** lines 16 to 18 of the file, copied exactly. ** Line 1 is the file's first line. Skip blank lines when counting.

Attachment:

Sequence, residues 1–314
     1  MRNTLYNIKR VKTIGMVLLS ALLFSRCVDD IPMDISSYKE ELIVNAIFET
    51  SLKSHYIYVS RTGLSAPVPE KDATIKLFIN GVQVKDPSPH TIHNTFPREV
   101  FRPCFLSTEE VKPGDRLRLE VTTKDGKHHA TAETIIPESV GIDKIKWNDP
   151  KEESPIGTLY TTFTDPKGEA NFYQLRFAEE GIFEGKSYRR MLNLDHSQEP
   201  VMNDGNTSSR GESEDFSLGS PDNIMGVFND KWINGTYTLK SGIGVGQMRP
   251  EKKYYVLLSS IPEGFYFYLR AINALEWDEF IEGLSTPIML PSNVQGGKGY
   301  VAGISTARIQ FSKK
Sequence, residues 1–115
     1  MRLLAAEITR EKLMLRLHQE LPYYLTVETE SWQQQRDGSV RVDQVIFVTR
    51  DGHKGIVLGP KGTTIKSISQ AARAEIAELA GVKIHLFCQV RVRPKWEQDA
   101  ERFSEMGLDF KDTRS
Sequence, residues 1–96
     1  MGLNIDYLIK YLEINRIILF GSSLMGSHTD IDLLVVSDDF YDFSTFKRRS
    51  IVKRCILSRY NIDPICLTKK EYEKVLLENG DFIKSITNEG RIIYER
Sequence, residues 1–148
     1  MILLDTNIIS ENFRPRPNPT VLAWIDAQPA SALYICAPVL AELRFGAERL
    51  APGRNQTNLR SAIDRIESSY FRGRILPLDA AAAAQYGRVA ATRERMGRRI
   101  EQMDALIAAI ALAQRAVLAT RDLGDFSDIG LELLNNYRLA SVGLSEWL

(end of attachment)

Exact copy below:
Sequence, residues 1–148
     1  MILLDTNIIS ENFRPRPNPT VLAWIDAQPA SALYICAPVL AELRFGAERL
    51  APGRNQTNLR SAIDRIESSY FRGRILPLDA AAAAQYGRVA ATRERMGRRI